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MV Classic Series: The Ten Trading Commandments


Thou shalt not give up on your dreams.

Originally posted on November 13th,2002 6:50am
Todd Harrison is away on vacation but will return to Minyanville on July 7th, 2003

Good morning and welcome to Mount Minx. With Hoofy's divine intervention parting the red seas yesterday, I thought it might be helpful to walk through my ten trading commandments. There used to be 15, but in my post-Monday night Raider excitement, I slipped and dropped a tablet. Still, I'm hopeful these will help.

Respect the price action but never defer to it.

The action (or "eyes") is an important element when trading but if you defer to the flickering ticks, stocks would be "better" up and "worse" down-and that's a losing proposition.

Discipline trumps conviction.

No matter how strongly you feel on a given position, you must defer to the principles of discipline when trading. It will differentiate your performance over the course of time.

Opportunities are made up easier than losses.

It's not necessary to play every move, it's only necessary to have a high winning percentage on the trades you choose to make.

Emotion is the enemy when trading.

Emotional decisions always have a way of coming back to haunt you. It's that simple.

Zig when others Zag

Sell hope and buy despair. In other words, take the other side of emotional disconnects in the market.

Adapt your style to the market

At various junctures, different approaches to the market are warranted. Applying the right trading methodology is half the battle.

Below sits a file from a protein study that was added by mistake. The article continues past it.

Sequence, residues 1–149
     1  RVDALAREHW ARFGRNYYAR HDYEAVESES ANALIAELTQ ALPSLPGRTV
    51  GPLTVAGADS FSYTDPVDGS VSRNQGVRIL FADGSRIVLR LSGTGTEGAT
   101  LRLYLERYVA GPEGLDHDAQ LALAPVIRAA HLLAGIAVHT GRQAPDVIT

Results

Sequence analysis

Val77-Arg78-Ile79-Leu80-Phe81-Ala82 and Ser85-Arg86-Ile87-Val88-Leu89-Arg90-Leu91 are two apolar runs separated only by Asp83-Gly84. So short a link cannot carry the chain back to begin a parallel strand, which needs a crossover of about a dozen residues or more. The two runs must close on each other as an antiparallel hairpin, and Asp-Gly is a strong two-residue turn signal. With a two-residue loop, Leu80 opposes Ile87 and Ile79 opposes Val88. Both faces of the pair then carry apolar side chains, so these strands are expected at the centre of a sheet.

Maximize your reward relative to your risk

If you're patient and pick your spots, edges will emerge that provide a more advantageous risk/reward profile.

Perception is reality in the marketplace.

Identifying the prevalent psychology is a necessary process when trading. It's not what is, it's what's perceived to be that matters.

When unsure, trade "in between"

Your risk profile should always be a reflection of your thought process. Take what the Minx will give you and don't press.

Don't let your bad trades turn into investments.

Rationalization has no place in trading. If you put a position on for a catalyst and it passes, take the trade-win or lose.

There are obviously many more trading rules of thumb, but I've found these to be the most helpful. Each of you has a unique risk profile and time horizon, so some (or all) of these commandments may not apply. As always, my goal is to share my thoughts with the hopes that it adds value to your process. Find an approach that works for you and always allow for a margin of error. With a little luck and a lot of discipline, we'll find our way to better times.

Good luck today.
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No positions in stocks mentioned.

Todd Harrison is the founder and Chief Executive Officer of Minyanville. Prior to his current role, Mr. Harrison was President and head trader at a $400 million dollar New York-based hedge fund. Todd welcomes your comments and/or feedback at

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